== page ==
• The Harvard Film Archive has in-person appearances by French filmmaker Alain Guiraudie for two screenings, No Rest for the Brave on Sunday evening and Stranger by the Lake (digital), his latest film, on Monday. Before he actually arrives, they will be playing the two features he made in between, Time Has Come (Friday 7pm) and The King of Escape (Saturday 7pm).

    A film from the Late John Huston series helps fill in the gaps, with The Life and Times of Judge Roy Bean playing at 9pm on Friday. There is also the end of the Complete Andrei Tarkovsky program, with a second screening of Mirror (Saturday 9pm), and a double feature of two of his shorter works, "The Steamroller and the Violin" & Voyage in Time, at 4:30pm on Sunday.
  • The Regent Theatre is reconfiguring how they present the Gathr Preview Series, with screenings moving to Monday and apparently taking place in a smaller "Regent Underground" theater downstairs. The funny thing is, the next couple actually look like higher profile films that might be able to draw some people, starting with The Pretty One, which features Zoe Kazan as identical twins; one is much more confident and outgoing, but the other assumes her life when she dies. It's also got Jake Johnson and Ron Livingston. Note that right now, the Regent's website has a 7pm showtime and Gathr's says 7:30pm; hopefully that clears up in the next couple of days. They also start a short engagement of Bob Marley:The Making of a Legend on Thursday the 6th; it runs through Saturday the 8th and features long-lost footage of Marley's early career.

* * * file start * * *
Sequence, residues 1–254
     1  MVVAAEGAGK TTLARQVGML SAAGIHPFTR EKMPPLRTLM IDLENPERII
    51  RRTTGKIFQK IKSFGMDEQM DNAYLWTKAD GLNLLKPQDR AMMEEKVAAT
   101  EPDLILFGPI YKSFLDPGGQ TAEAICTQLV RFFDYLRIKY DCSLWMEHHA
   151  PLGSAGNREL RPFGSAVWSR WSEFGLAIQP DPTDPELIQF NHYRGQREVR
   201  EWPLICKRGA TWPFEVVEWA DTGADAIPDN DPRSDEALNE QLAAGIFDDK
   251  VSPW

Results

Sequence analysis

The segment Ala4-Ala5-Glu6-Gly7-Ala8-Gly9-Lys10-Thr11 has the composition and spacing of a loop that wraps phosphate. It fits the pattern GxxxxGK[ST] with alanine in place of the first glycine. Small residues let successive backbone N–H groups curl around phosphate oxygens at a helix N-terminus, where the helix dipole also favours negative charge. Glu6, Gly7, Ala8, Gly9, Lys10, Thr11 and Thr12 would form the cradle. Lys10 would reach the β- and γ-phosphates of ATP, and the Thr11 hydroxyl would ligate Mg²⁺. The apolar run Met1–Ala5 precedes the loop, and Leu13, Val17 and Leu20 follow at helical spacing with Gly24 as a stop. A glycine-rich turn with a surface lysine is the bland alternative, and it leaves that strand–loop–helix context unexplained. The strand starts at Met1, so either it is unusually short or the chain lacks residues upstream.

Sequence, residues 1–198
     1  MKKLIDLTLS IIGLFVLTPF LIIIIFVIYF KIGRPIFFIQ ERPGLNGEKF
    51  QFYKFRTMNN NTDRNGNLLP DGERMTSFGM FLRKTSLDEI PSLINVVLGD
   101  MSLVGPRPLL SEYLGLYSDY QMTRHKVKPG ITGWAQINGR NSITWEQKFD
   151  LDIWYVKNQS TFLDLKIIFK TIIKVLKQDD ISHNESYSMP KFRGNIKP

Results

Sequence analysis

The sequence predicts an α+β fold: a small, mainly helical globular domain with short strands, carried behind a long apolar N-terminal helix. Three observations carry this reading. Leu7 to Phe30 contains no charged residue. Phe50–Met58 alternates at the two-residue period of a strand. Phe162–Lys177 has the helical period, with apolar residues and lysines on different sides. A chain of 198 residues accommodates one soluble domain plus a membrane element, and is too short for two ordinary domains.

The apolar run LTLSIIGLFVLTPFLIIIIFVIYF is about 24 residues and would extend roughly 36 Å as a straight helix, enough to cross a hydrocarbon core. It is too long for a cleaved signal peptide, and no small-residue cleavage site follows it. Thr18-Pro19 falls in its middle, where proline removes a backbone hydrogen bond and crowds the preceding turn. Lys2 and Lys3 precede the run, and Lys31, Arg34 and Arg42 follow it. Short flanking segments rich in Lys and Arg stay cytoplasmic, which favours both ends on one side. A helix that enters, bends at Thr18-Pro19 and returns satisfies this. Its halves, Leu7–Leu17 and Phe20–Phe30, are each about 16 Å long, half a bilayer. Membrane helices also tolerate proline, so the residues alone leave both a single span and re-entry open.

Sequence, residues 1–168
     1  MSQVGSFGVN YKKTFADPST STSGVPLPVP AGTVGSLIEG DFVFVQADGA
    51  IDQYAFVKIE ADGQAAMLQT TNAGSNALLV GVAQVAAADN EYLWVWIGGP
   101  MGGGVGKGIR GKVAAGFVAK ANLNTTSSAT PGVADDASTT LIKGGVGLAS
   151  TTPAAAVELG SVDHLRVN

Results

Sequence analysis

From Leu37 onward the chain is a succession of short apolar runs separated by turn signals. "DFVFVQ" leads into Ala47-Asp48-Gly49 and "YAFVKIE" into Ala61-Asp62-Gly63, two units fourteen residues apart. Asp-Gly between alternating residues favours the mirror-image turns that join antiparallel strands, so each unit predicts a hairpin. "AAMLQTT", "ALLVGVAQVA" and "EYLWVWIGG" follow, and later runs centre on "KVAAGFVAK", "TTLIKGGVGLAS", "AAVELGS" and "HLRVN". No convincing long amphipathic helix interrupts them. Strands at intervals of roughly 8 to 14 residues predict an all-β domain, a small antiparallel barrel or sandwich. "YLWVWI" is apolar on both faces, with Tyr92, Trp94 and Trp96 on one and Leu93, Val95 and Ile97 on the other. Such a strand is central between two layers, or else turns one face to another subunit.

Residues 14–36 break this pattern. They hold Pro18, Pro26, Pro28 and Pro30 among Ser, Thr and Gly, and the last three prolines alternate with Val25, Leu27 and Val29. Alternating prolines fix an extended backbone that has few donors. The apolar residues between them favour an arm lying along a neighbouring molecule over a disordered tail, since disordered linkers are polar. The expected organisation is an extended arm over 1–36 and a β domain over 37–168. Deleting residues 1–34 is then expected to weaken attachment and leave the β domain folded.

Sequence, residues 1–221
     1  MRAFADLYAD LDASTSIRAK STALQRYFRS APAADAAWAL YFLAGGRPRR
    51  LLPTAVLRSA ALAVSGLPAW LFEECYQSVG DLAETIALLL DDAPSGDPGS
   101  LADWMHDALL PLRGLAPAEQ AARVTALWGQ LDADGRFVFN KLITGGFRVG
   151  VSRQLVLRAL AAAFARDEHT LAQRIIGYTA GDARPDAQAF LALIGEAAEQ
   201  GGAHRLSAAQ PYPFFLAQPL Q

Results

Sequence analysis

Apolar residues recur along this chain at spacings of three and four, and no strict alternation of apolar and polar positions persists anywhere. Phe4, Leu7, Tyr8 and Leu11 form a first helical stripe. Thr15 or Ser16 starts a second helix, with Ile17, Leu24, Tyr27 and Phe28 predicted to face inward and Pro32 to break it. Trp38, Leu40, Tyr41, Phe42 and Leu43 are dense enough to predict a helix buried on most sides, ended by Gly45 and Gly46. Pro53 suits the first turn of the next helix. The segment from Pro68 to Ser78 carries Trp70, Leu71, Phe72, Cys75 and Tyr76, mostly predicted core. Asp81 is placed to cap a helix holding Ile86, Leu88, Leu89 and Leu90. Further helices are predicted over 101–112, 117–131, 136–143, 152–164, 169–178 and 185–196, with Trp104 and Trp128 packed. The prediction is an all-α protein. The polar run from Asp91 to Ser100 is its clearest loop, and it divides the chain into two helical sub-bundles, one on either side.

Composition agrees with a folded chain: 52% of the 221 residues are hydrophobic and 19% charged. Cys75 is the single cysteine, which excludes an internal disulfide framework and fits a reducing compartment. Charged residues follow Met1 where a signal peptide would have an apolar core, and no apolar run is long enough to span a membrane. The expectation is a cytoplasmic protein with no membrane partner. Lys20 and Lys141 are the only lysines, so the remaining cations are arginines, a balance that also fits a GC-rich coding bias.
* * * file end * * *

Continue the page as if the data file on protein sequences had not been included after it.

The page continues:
• ArtsEmerson actually has some film programming at the Paramount Theater this weekend, with four screenings of documentary Fire in the Blood between Friday evening and Sunday afternoon. It describes how pharmaceutical companies made it difficult for AIDS medication to be available in developing countries and how a coalition chose to fight back. The Saturday evening show will also have a reception beforehand and a Q&A (via Skype) with director Dylan Mohan Gray afterward. The Bright Lights series has just one screening this week, with Louis C.K.: Oh My God playing Thursday the 6th.